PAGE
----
Ireland offering asylum seekers tents amid acute housing shortage | Refugees

Ireland has run out of accommodation for asylum seekers and is offering tents, sleeping bags and extra money to new arrivals who face sleeping on the streets.

The International Protection Accommodation Service, a government agency, was unable to offer proper shelter to dozens of people this week amid a severe housing shortage.

The government expressed deep concern as at least 32 asylum seekers – all men – faced the prospect of sleeping rough in cold, wet, windy conditions. Dozens more are expected to arrive this week.

Roderic O’Gorman, Ireland’s minister for integration, said authorities were working with homeless organisations to offer basic services. In addition to tents and sleeping bags, newly arrived asylum seekers that are not accommodated will receive a weekly payment of €113.50 (£97.15), a €75 increase on the usual €38.50 offered.

O’Gorman said his department hoped to source additional accommodation in coming weeks. “We have line of sight to some additional accommodation – some coming online before Christmas and some coming online after Christmas and we will look to add more and consistently look to add more,” he said, adding that asylum seekers who were left on the streets may sue the state.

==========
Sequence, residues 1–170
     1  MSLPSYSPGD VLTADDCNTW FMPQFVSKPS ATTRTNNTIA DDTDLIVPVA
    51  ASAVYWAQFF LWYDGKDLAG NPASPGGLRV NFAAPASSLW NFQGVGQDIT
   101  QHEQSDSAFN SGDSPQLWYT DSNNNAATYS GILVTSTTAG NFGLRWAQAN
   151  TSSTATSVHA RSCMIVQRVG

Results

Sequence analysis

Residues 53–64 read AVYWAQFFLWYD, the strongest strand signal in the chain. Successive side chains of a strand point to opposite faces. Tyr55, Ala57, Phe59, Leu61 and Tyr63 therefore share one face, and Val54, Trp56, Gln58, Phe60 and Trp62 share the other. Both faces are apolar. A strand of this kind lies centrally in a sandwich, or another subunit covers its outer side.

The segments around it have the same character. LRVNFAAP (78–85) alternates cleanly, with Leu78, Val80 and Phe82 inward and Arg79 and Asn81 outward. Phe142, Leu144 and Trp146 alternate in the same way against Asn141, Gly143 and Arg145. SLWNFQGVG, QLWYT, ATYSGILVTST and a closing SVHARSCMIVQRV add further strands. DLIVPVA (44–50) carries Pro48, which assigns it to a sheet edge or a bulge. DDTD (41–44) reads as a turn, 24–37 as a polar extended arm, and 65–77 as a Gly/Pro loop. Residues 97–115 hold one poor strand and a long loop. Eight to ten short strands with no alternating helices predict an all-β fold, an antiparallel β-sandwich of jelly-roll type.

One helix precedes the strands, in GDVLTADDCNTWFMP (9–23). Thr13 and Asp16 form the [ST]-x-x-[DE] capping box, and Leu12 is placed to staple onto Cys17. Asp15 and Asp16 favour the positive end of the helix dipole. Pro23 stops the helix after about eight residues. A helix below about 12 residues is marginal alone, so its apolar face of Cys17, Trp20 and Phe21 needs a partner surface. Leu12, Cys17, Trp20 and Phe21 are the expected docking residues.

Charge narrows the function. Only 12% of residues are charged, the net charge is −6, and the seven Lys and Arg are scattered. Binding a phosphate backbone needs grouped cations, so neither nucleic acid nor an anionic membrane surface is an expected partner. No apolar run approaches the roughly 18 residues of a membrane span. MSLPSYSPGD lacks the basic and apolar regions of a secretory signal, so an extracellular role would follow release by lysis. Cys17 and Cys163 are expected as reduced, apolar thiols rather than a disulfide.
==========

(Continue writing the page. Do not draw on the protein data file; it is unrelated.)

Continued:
Ireland is accommodating more than 100,000 refugees, about three-quarters from Ukraine. The influx has coincided with an acute housing crisis that has driven up rents and homelessness and fuelled anti-immigrant sentiment. A riot last month wrecked parts of central Dublin.

Micheál Martin, the tánaiste, or deputy prime minister, said the government was “very concerned” about refugees sleeping rough and said the state would do all it could to meet its legal and international obligations.

A similar crisis unfolded in spring when overflowing hotels, reception centres and other lodgings left several hundred asylum seekers in tents, and facing a backlash from protesters who chanted “Ireland for the Irish” and “You’re not welcome here”.

Rallies against proposed refugee centres have spread across Dublin and the rest of Ireland in recent years, with far-right groups linking new arrivals to crime.

Michael McDowell, a senator and former tánaiste, said Ireland needed a “mature national conversation” about immigration and asylum. “A few months ago, the phrase ‘Ireland is full’ was derided as crypto-fascist dog whistling. But now, we are struggling very unsuccessfully to cope with the realities of a collective failure at national and EU level to deal with economic migration issues,” he wrote in the Irish Times on Wednesday.

“Populism will thrive on a widespread perception of failure to confront ‘unsustainability’ at home and abroad in relation to migration. This issue is not going to disappear.”

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